The first part of the course is focused on a key foundational question in Economics. Rational choice theory, the core of the economic approach to human behavior, has become an influential approach in all of the social sciences. What makes individual actions rational? Rational choice theory offers a very simple answer: actions are rational if they reflect the maximizing of a consistent preference ordering. This theory, as it has been developed over many years, is now very detailed and complicated. One measure of the success of rational choice theory, perhaps, is for how long it has been able to withstand criticism. Recent developments, especially in behavioral economics, however, have succeeded in putting the standard model under pressure. In this course, we will present the theory of rational choice and also examine different objections to the standard model of rational choice. We shall consider the relationship between instrumental rationality, Homo Economicus and formal utility theory, including different conceptions of the notion of a preference and utility functions.
The course will provide a critical introduction to Game Theory. A game is any decision problem where the outcome depends on the actions of more than one agent, as well as perhaps on other facts about the world. Game Theory is the study of what rational agents do in such situations. Topics include extensive and normal form games; equilibrium concepts, such as the Nash equilibrium and backward induction; and analyses of specific games such as the Prisoner's Dilemma, the Stag Hunt, the Battle of the Sexes and pure coordination games. This course will not only introduce students to rational choice theory and game theory, but also discuss to what extent these mathematical theories explain social interactions.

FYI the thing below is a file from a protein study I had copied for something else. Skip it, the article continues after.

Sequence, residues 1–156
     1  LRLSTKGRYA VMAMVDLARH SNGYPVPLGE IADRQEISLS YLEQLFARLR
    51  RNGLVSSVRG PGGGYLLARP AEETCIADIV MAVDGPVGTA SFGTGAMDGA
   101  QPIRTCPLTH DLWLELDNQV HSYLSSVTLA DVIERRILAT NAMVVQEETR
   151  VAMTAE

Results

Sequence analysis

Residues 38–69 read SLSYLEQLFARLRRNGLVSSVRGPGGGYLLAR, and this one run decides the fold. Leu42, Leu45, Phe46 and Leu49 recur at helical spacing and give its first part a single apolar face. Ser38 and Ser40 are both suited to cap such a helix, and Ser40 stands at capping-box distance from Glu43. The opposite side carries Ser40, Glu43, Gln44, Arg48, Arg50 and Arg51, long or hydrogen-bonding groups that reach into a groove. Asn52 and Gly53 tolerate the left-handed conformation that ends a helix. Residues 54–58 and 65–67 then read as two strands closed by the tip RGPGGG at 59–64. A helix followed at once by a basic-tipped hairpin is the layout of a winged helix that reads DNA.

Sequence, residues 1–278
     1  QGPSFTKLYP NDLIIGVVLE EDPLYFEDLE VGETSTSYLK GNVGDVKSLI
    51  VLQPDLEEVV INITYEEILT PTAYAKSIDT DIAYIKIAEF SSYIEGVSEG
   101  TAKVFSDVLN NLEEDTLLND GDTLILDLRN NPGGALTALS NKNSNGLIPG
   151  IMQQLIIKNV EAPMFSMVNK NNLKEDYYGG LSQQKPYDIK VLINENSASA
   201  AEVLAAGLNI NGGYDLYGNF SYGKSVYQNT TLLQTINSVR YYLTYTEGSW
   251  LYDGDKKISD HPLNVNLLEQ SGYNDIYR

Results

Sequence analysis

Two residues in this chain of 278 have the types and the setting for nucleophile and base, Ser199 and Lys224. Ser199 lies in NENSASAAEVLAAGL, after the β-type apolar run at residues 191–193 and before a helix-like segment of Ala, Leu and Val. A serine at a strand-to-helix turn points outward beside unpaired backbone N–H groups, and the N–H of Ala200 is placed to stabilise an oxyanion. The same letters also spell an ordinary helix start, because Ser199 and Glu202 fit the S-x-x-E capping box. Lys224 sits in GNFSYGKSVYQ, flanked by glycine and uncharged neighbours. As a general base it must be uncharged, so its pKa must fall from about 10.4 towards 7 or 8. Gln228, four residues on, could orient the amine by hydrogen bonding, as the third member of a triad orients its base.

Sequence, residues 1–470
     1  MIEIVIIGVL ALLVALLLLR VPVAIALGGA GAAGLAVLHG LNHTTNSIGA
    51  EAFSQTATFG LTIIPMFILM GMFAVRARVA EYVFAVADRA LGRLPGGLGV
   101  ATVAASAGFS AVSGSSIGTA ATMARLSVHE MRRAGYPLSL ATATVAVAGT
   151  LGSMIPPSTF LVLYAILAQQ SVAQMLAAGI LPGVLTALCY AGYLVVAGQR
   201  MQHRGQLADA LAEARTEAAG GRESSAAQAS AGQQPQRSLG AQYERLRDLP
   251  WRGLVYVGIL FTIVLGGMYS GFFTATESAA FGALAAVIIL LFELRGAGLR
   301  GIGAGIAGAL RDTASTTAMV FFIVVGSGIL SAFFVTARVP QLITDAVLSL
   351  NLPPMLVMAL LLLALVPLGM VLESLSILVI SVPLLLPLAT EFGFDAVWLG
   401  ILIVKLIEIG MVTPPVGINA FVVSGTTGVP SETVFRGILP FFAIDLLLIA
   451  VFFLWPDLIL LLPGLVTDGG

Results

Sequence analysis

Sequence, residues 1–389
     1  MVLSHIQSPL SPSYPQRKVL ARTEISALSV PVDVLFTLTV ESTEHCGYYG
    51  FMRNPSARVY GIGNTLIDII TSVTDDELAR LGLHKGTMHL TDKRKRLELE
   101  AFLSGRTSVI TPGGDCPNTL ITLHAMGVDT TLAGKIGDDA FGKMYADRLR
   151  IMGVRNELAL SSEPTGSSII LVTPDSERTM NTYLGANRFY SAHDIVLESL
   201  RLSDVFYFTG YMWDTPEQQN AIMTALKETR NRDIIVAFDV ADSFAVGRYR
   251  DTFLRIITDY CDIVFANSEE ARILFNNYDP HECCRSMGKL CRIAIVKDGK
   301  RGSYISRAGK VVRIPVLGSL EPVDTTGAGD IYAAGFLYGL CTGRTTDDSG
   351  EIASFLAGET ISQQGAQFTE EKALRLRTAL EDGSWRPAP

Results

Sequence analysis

The second part of the course will introduce students to the ways in which economic analysis has been applied to issues in social and political philosophy. The main topic in this part of the course is Social Choice Theory. We will examine both the formal aspects of social choice and their applications to democracy. The course will focus on May's theorem and Arrow's famous impossibility theorem, though we shall consider more general questions concerning voting paradoxes and strategic voting. Arguments as to whether Arrow's theorem is relevant to understanding real world democracy will be another important focus. In addition, we will discuss ethical issues that arise in Economics. Topics include (time permitting) welfare economics; interpersonal comparison of utilities; Harsanyi's Theorem; and the Coase Theorem.